Why Do I Feel Tired After Watching The Solar Eclipse? Eye Fatigue Is No Joke

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Monday was a pretty big day for the universe. The Earth, moon, and sun all perfectly aligned so that we mere mortals could enjoy a little thing called a total solar eclipse — and frankly, it was exhausting. If you're wondering why you feel tired after watching the solar eclipse, know that you, my friend, are not alone. Even if you prepared weeks in advance and secured all of the proper gear you needed to protect your precious eyeballs from the grueling rays of the sun, it's still possible that you walked away from the eclipse not only with a sense of awe and wonder, but also with a slight feeling of fatigue, and possibly a headache, too.

That's because staring at the sun is no joke — even if it is only for a few seconds. You have probably noticed that even under normal circumstances, the sun's brightness can be painful to your eyes, especially if you've only recently stepped outside. And, when you are focusing your vision for a prolonged period of time on a single point in the sky, it's possible you might be experiencing mild eyestrain, which can lead to symptoms like headaches, blurred vision, and — you guessed it! — tiredness.

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It's also worth mentioning that if you've been feeling at all stressed out about the upcoming solar eclipse (after all, the sun nearly disappearing from the sky while the world around you plunges into darkness can be kinda alarming), that anxiety could have your body feeling completely tuckered out as well. Eclipse-related stress is actually pretty common, and it's possible you've been experiencing it even if you didn't realize it.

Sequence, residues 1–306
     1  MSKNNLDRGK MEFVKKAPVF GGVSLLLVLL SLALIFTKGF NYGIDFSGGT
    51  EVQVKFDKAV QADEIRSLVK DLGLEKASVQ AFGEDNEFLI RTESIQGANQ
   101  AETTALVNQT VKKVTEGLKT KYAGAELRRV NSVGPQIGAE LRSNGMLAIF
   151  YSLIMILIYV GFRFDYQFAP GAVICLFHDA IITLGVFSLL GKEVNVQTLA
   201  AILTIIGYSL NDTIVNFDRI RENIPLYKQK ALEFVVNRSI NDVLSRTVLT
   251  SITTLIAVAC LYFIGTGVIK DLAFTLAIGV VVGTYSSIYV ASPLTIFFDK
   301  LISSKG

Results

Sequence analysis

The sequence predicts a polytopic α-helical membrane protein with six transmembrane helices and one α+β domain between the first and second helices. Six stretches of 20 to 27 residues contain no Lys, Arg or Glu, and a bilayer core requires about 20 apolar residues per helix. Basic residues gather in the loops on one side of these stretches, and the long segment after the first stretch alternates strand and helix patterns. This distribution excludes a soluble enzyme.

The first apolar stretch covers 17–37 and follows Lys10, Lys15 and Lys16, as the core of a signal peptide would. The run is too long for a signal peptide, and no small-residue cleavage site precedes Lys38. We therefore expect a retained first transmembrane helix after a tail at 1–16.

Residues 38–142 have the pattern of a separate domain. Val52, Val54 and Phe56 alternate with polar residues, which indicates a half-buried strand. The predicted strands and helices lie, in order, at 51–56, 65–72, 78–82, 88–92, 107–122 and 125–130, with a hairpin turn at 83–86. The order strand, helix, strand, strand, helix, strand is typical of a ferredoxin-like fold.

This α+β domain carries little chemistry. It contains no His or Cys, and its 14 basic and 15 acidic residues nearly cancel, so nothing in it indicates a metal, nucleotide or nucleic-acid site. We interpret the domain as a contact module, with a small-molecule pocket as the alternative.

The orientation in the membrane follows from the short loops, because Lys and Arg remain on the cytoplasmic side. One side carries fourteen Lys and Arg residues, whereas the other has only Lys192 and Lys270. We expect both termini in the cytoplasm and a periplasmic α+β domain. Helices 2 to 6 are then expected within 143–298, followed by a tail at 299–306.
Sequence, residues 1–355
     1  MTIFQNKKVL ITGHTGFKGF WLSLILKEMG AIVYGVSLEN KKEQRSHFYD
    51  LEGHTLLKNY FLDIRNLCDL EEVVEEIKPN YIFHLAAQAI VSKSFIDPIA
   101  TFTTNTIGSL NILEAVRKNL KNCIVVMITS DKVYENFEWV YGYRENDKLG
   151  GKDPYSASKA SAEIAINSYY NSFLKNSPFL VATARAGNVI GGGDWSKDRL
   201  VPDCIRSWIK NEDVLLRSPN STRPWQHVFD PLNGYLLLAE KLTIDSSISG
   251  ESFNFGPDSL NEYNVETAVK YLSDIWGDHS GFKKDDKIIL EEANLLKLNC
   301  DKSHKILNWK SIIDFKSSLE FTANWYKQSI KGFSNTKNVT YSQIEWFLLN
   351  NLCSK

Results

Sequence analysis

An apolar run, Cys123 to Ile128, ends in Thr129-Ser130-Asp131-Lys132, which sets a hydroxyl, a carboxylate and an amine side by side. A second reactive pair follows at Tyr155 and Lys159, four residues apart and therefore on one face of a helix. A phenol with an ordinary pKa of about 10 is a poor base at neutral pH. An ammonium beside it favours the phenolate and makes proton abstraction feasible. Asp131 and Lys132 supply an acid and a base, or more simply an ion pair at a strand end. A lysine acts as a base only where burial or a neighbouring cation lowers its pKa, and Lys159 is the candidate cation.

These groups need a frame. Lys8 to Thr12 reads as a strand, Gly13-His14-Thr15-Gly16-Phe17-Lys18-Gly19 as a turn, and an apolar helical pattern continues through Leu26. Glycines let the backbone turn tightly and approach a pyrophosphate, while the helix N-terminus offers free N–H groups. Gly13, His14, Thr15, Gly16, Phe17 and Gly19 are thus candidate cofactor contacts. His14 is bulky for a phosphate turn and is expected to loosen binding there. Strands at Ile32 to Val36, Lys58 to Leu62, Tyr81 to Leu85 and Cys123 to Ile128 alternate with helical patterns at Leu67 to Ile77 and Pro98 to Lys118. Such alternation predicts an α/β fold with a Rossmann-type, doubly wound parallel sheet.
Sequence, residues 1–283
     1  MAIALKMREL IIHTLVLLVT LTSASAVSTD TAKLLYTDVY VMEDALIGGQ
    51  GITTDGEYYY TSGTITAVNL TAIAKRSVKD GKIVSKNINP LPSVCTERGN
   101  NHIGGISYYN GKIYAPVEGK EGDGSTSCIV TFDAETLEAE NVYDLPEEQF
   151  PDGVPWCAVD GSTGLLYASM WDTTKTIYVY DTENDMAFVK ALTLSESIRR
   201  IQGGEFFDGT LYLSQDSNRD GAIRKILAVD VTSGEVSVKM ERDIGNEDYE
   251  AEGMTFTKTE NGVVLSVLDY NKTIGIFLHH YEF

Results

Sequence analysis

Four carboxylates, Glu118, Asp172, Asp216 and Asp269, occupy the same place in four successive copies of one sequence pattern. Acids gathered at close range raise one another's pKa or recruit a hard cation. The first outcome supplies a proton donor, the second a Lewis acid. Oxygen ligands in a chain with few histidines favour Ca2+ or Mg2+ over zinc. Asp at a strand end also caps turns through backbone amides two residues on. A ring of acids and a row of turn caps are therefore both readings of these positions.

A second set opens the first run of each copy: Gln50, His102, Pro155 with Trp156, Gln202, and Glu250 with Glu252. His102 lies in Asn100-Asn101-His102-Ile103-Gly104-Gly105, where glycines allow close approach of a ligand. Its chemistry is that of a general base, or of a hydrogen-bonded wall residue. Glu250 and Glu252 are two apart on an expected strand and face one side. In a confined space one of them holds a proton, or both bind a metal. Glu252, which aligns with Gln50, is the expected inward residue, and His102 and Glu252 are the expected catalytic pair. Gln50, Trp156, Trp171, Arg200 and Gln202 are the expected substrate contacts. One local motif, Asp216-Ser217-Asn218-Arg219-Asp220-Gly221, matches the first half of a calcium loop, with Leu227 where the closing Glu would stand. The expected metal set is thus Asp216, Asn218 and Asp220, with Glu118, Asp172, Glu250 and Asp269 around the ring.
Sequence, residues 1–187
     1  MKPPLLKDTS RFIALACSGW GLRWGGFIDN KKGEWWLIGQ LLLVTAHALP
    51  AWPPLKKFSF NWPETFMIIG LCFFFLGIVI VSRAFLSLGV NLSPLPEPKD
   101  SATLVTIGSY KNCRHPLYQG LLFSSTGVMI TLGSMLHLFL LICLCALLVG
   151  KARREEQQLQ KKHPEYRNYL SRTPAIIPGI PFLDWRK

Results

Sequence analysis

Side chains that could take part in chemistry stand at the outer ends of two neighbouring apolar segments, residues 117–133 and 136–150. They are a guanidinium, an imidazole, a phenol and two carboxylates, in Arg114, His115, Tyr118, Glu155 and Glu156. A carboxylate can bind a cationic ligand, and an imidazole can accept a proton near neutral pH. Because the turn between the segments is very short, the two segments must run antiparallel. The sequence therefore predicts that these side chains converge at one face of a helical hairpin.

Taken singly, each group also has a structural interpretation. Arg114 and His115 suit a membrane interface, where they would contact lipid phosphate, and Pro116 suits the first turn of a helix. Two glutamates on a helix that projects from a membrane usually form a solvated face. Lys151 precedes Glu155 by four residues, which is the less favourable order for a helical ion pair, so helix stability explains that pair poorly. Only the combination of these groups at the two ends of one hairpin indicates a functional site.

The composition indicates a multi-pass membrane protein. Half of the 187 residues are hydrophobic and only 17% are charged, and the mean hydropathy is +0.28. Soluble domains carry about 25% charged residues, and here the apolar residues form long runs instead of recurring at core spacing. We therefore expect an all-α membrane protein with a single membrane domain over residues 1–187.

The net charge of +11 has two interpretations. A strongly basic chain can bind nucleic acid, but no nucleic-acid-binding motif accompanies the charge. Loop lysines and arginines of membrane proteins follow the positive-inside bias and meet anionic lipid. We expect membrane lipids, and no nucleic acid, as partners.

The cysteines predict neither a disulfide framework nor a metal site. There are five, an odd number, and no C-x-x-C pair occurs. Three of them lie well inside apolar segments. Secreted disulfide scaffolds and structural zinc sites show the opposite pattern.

The good news is, eyestrain and its effects should hopefully fade away relatively quickly, and you should be feeling like your regular pre-eclipse self after 24 hours or so. However, if your vision still feels off after you've had a chance to rest, it's recommended that you go see a doctor immediately. Eclipse blindness is a real thing, and it's not something you should mess around with. "When your eyes are over-stimulated by sunlight, they release a flood of communication chemicals that can damage the retina," Dr. Janelle Routhier, Senior Director of Customer Development at Essilor, tells Bustle. "This damage is often painless as you don’t have pain receptors in that tissue, so people don't realize they’re damaging their vision."

Not sure if your eyes are just tired, or seriously damaged from staring at the sun? Symptoms of eclipse blindness include on-going light sensitivity, as well as impaired vision in one or both eyes. In many cases, you might not even start experiencing symptoms until 24 hours after looking at the sun.

Of course, if you're not sure if what you're experiencing is serious or not, the best thing to do is to go see a doctor. At the very least, they can provide you with the gift of peace of mind. And in the meantime, rest up. The next total solar eclipse comes around in 2024, and you're going to want to make sure you're feeling your best.